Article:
Meanwhile compare Hennepin and Ramsey Counties in 2000 and 2012. In Ramsey County Romney actually got less than votes than Bush 2000, while Obama received about 47k more votes for Gore (significant even if you add all all 15k of Nader's votes to the Democratic total). And in Hennepin County Obama picked up 116k votes over Gore (81k over Gore+Nader), while Romney picked up only 15k over Bush. The population shifts simply don't benefit the Republicans anymore.
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ilikeverin
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« Reply #21 on: January 28, 2013, 12:03:04 pm »

Any rightward trending in Minnesota stalled in 2007 when the housing bubble burst. The Republicans are no longer gaining in their key areas like they used to.

For example let's compare the numbers in Wright County, which now traditionally has the largest Republican raw vote majority in the state:

1996:
Clinton 15,542
Dole 13,224
Perot 5,550

2000:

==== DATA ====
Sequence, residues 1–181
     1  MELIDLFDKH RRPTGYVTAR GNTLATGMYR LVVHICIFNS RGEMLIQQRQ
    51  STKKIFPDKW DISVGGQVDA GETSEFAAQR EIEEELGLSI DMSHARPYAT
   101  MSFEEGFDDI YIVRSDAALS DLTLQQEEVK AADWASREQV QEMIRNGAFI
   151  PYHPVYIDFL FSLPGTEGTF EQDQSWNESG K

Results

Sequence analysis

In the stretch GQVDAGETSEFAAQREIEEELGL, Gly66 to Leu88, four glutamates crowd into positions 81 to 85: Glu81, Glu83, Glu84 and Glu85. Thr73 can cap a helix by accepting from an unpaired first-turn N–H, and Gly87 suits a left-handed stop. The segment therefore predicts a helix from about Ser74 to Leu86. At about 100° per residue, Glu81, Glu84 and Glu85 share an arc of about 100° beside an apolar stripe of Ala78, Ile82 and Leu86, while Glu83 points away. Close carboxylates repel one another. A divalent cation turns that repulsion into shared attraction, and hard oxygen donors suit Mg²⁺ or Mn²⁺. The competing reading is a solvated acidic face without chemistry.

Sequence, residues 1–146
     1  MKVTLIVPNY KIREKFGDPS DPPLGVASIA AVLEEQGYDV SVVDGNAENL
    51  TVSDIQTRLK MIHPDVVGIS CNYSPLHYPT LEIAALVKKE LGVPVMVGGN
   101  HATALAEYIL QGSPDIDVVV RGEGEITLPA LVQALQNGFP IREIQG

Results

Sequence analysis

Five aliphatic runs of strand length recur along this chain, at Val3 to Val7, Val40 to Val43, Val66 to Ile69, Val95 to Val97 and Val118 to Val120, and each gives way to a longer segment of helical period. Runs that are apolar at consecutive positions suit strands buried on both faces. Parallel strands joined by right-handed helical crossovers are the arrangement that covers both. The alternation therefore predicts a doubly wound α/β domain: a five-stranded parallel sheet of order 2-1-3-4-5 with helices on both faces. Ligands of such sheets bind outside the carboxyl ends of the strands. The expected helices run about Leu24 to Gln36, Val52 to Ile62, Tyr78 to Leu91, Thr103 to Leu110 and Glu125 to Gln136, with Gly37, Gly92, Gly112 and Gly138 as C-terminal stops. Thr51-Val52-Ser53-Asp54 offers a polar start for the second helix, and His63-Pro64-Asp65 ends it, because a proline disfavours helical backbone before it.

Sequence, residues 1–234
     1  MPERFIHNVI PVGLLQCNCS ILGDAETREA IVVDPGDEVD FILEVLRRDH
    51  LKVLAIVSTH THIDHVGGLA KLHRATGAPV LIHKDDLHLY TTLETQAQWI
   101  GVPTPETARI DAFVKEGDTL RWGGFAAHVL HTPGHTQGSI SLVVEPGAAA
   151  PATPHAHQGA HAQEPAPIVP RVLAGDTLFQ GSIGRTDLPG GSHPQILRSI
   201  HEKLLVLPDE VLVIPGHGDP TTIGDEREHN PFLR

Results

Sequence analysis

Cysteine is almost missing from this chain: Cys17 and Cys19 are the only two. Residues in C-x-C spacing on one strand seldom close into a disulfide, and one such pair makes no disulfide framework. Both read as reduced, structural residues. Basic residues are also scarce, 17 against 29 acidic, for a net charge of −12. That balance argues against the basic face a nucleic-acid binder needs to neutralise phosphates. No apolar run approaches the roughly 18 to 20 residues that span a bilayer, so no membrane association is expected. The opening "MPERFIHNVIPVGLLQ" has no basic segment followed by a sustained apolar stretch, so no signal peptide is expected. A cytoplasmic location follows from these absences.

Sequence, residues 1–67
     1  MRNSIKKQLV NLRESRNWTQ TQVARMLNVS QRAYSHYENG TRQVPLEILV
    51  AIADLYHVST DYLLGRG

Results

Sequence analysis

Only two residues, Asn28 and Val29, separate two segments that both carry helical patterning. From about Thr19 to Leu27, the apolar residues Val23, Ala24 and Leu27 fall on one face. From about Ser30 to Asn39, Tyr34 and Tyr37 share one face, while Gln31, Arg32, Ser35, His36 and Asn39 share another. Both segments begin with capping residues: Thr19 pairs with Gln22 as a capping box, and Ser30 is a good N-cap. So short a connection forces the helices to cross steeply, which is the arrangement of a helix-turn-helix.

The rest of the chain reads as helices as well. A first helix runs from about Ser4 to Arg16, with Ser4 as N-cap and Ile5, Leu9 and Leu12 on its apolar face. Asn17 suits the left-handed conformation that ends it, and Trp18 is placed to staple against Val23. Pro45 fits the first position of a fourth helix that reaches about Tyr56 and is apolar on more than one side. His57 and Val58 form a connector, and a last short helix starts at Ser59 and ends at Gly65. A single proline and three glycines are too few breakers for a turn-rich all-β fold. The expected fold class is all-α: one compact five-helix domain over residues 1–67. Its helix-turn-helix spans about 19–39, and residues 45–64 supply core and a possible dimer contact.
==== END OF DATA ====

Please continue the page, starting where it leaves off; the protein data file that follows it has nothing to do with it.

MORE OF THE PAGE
Gore 16,762   
Bush 23,861   
Nader 1,977

2004:
Kerry 22,618   
Bush 36,176

2008:
Obama 26,343   
McCain 37,779   

2012:
Obama 25,741
Romney 40,466

Look at any other exurban/outer suburban counties and you'll see a similar trend. Most had barely more votes cast in 2008 than 2004, and the trend to Romney in 2012 just mirrored the rest of the state/country for the most part. While from 1996-2004 the Republican vote literally tripled and grew at more than twice the fast the rate of the increase in Democratic votes.

Meanwhile compare Hennepin and Ramsey Counties in 2000 and 2012. In Ramsey County Romney actually got less than votes than Bush 2000, while Obama received about 47k more votes for Gore (significant even if you add all all 15k of Nader's votes to the Democratic total). And in Hennepin County Obama picked up 116k votes over Gore (81k over Gore+Nader), while Romney picked up only 15k over Bush. The population shifts simply don't benefit the Republicans anymore.

Yeah, listen to BRTD on this one.  Anyone who thinks that MN is continuing to drift right (as, indeed, it did in the 90s) is wrong, particularly because Minnesota is emphatically not a rust belt state.  Gore's 2000 margin, Pawlenty's 2006 victory, and Franken's teensy-tiny 2008 victory are at least partially the result of Minnesota's entertaining political environment (an unusual fondness for third parties and concomitant reaction to Ventura's 1998 victory) moreso than any indication of "trends".
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« Reply #22 on: March 09, 2013, 07:22:19 pm »

Minnesota is artificially close thanks to high floors for both parties, but outside of a landslide GOP win (or a left-wing third party that gets more than 1% or so nationally), it should go Democratic.

^THIS.